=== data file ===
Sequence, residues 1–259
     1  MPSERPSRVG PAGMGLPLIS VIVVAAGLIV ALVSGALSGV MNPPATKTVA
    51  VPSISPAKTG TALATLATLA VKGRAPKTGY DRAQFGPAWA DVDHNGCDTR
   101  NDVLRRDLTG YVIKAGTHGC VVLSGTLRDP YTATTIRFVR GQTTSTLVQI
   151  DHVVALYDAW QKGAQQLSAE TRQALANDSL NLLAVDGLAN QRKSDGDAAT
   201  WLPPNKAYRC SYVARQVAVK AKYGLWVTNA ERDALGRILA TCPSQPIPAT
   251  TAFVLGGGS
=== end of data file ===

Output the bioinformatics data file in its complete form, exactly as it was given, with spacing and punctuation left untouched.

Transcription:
Sequence, residues 1–259
     1  MPSERPSRVG PAGMGLPLIS VIVVAAGLIV ALVSGALSGV MNPPATKTVA
    51  VPSISPAKTG TALATLATLA VKGRAPKTGY DRAQFGPAWA DVDHNGCDTR
   101  NDVLRRDLTG YVIKAGTHGC VVLSGTLRDP YTATTIRFVR GQTTSTLVQI
   151  DHVVALYDAW QKGAQQLSAE TRQALANDSL NLLAVDGLAN QRKSDGDAAT
   201  WLPPNKAYRC SYVARQVAVK AKYGLWVTNA ERDALGRILA TCPSQPIPAT
   251  TAFVLGGGS